"You get a degree and it's not worth what you think it is … so now you're having to go back to school again, to get another degree on top … " said a participant. "You're in a constant quicksand of just reaching for something higher."

According to research found by New America, POC, especially Black students, are more likely to have fewer resources for college, to be targeted by for-profit schools, and to have more debt than white students after college.

'They Struggled to Access Affordable Payments Amid Financial Insecurity'

According to New America, some borrowers get behind on their payments because they must choose between repayment or living essentials.

One borrower lost his car and apartment and had to move back in with his mother. Another had pregnancy complications and couldn't work.

"I was making consistent payments," said one borrower. "And of course my car broke down … and I need my car to work or take my kids to sports. So you've got to choose, 'Do I fix my car or do I pick my payments?' No one's going to pick paying their [student loan] payments over fixing their car."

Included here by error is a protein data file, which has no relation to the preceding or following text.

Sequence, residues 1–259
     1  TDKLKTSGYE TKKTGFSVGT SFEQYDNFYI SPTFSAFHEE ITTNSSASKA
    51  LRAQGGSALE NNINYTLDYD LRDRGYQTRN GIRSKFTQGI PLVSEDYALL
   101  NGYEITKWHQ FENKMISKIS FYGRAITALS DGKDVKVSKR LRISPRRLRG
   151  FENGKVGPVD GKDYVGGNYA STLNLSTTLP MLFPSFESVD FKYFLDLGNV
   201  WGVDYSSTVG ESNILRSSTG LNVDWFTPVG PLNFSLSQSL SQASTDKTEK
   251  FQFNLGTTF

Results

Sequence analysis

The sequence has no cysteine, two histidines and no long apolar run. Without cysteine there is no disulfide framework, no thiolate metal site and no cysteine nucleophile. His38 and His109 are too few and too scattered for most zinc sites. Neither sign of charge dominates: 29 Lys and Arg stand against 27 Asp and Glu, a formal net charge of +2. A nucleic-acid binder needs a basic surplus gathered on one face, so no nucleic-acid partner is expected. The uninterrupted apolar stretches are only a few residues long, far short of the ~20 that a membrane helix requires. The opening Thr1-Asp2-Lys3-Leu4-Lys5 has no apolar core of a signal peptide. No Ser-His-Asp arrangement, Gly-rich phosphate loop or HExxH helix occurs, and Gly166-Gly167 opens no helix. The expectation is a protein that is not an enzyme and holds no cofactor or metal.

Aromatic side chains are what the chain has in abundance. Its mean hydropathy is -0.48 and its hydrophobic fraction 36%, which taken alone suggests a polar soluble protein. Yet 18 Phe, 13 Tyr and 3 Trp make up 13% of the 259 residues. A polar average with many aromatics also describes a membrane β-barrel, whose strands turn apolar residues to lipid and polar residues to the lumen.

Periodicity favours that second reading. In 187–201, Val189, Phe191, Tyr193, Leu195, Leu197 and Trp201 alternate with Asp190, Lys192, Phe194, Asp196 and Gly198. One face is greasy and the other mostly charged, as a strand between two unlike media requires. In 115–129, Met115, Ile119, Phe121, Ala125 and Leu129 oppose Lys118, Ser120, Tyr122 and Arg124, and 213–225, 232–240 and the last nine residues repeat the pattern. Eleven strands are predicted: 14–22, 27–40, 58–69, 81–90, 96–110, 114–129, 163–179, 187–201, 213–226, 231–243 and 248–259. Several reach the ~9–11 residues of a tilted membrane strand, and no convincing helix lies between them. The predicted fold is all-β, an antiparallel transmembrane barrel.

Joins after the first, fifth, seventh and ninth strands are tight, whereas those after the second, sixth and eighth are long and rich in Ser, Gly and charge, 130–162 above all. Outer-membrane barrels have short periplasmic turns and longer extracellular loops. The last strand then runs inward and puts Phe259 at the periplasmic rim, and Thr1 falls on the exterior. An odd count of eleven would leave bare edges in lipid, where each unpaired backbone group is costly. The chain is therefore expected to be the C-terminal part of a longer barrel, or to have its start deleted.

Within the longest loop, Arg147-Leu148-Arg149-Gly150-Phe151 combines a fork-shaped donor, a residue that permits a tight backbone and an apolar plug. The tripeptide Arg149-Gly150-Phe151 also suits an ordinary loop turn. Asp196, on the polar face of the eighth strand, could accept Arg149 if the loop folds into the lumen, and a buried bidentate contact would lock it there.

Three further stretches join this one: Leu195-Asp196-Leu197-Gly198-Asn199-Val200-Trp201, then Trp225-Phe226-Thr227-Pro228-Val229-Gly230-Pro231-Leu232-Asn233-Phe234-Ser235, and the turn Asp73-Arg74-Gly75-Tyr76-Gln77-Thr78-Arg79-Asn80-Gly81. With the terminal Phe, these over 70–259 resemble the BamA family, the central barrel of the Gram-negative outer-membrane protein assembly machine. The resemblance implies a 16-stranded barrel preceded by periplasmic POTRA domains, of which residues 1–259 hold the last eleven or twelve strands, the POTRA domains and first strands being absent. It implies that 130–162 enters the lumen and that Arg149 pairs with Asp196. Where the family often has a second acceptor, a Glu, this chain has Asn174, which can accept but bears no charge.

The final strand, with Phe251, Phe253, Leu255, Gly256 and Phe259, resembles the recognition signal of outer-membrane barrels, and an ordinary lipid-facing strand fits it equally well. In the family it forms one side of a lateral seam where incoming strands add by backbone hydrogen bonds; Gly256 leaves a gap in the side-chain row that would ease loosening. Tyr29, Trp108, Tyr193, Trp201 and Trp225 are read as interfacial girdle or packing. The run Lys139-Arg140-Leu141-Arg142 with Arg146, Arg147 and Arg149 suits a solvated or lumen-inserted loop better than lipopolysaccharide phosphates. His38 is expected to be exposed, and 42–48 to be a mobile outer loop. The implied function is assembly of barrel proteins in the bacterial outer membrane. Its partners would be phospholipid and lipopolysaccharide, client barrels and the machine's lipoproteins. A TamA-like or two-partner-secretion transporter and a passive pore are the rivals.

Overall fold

According to a July 2022 New America brief analyzing data on student loan default, 67% of borrowers defaulted because they couldn't afford to pay, and 71% said they defaulted because they had other debt to take care of first.

'Its Severe Consequences Further Eroded Their Financial Security'

Defaulting Can Spiral Economically Insecure Families Into Poverty

"The default process was clawing back money from the same low-income families that government safety net programs were simultaneously working to lift out of poverty," according to the New America report.

What can happen when a family enters default? According to New America:

A Borrower's Wages, Federal Tax Refunds, and Benefits Can Be Withheld.